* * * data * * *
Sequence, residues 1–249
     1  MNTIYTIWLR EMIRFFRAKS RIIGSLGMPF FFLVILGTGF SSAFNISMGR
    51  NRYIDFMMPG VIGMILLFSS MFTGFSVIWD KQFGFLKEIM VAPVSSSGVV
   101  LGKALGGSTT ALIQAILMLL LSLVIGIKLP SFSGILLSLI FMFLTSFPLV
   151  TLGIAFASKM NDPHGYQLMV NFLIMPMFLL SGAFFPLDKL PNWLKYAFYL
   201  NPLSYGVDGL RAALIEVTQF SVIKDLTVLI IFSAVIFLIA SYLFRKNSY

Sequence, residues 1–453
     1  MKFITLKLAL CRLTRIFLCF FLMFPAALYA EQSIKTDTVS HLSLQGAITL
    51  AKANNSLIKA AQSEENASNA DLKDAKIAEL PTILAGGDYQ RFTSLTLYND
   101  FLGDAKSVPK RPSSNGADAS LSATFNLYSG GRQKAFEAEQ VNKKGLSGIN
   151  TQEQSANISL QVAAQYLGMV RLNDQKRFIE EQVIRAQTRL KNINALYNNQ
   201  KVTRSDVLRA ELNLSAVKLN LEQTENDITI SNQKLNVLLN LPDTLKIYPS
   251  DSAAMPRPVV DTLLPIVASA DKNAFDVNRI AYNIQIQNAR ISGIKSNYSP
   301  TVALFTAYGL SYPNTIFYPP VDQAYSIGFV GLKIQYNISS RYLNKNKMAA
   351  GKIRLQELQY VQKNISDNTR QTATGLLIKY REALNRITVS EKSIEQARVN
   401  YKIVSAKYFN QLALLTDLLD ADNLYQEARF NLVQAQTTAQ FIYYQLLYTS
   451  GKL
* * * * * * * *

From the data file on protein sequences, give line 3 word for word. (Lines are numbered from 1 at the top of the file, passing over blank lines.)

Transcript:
    51  NRYIDFMMPG VIGMILLFSS MFTGFSVIWD KQFGFLKEIM VAPVSSSGVV